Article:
The majority of places to stay near BB&T Field are going to be found closer in and around the downtown core. The two hotels within a mile of the stadium are Best Western Plus and Courtyard by Marriott, but if you’re looking for something different, the historic Brookstown Inn is four miles south; opened in 1837, this hotel features a wine and cheese reception with a free glass of wine, fresh-baked cookies and milk at night, and a hot breakfast as well.
Deacon fans are a rowdy bunch, and they are not afraid to be bold with their black and gold. The Deacons averaged fourth in attendance in the ACC two years ago, filling the stadium to 90.27% capacity, but last season they dropped to eighth in a fourteen-team ACC with only 85.21% filled. While it would be easy to go by pure numbers and percentages, on my most recent visit it seemed that the stadium was maybe three-quarters full, even as Wake Forest was off to a fast start against the rival NC State Wolfpack.
The stadium can get loud at times for sure, and the passion is there, but the energy just doesn’t match that of larger schools like App State, ECU, NC State or UNC, and playing in a Power 5 Conference like the ACC, which has some of the most passionate college football fan bases in the nation like Virginia Tech, Florida State, and Clemson, expectations tend to be higher. If the Deacons’ winning ways continue, it wouldn’t be hard to imagine that more fans from NC’s Triad region of Greensboro, Winston-Salem, and High Point start showing up, but a lot of the attendance situation boils down to the smaller numbers of Wake Forest students and alumni, compared to some of the other in-state universities with big football programs.
Traffic can be a little tricky getting to the stadium but it’s nothing too unbearable. Like most college football stadiums, most of the lots near the stadium are reserved, in this case for Deacon Club members, but there are plenty of public parking lots behind Deacon Boulevard next to Joel Coliseum. Parking is ten dollars, and handicapped parking is available in the Couch Ballpark lot a little further down Deacon Boulevard, with a shuttle available from there as well.
If you’re looking to take public transportation from the Greyhound Station downtown, the 90, 91, 92 and 106 buses will all bring you close to the stadium and will only cost you a dollar each way. Piedmont Triad International Airport is 30 minutes to the east, and PART buses can connect you from points throughout the Triad, including the airport, for just $2.50 each way including downtown Winston-Salem.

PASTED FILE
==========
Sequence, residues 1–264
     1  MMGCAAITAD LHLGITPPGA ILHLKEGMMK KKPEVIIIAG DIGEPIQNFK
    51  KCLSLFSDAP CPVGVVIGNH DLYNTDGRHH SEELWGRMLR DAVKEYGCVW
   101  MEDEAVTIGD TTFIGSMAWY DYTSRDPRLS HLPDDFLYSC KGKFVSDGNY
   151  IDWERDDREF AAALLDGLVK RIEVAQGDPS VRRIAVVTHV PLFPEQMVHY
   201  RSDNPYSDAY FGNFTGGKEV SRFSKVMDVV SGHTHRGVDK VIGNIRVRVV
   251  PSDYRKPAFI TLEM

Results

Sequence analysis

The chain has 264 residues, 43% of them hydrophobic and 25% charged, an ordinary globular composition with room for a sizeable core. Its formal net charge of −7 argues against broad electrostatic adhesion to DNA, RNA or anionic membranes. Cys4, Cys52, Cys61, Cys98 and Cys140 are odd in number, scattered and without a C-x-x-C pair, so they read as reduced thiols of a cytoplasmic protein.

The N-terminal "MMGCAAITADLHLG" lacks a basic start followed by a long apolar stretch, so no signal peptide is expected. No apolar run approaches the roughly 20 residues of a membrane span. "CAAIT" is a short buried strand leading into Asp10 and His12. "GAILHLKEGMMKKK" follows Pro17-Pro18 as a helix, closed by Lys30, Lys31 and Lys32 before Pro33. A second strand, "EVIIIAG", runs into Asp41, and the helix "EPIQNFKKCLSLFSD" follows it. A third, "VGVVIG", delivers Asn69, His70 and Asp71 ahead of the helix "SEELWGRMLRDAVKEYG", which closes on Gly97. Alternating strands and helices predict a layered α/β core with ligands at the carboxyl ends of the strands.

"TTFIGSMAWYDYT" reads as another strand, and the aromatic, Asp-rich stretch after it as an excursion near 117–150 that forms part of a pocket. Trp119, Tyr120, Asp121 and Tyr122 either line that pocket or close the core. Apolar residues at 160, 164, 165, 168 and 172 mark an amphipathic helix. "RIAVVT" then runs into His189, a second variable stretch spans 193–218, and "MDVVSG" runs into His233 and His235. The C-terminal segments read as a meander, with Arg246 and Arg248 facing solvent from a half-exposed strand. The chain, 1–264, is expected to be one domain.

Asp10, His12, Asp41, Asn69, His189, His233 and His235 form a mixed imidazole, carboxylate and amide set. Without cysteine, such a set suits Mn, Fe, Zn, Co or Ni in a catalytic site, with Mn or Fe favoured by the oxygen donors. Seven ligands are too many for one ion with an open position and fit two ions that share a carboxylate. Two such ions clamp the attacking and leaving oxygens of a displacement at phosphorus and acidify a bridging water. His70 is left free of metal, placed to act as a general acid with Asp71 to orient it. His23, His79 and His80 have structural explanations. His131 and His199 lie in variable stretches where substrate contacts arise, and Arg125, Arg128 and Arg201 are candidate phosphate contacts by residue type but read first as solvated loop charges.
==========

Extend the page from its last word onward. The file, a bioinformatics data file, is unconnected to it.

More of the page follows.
There are five gates around BB&T Field to gain entry, and none of them have any outrageously long wait times. The concourse is moderately wide and easy to traverse. Restrooms are clean, and handicap seating is available in sections 8-13, 17, and 18, as well as at the top of Deacon Hill.
Return on Investment 5
Tickets start as low as twenty dollars for some of the lower-tier teams, and can go up from there to the $30-$35 range, but to watch ACC Football it’s still a fantastic deal, given some of the opponents that come in, and the level of talent of the Deacons and the teams they might be playing. The food is fairly priced – not super expensive, but nothing ridiculously cheap either. Parking costs are fair as well, so when you combine it all, it’s a great value for high profile college football, with not a bad seat in the house.
The first point goes to the new aforementioned Fan Zone outside the stadium, which contributes immensely to the pre-game atmosphere, and adds energy for Wake Forest and visiting fans alike. The second point is for the unique mascot – it’s always a plus to have a mascot that no one else has. A third point for the Deacon Walk, which is done a little more than two hours before kickoff and allows fans a chance to watch the Black and Gold enter the stadium through the aforementioned Fan Zone.
Another point for the wide variety of local food trucks serving up both the sweet and savory, and finally a point for the incredibly friendly people inside the stadium; from the fans to the game day staff to the parking attendants, everyone is just super nice and willing to lend a hand.
Wake Forest University has a rich football tradition over two counties and a hundred miles, but one thing that remains consistent is the loyalty that fans of the Demon Deacons exhibit. Black and Gold is worn with pride in Winston-Salem, and while there is always room for growth in terms of fan attendance, the program seems to be on the right track. The school and stadium may be among the smallest in college football’s Power 5 conferences, but the energy, enthusiasm, and passion is never to be underestimated at BB&T Field.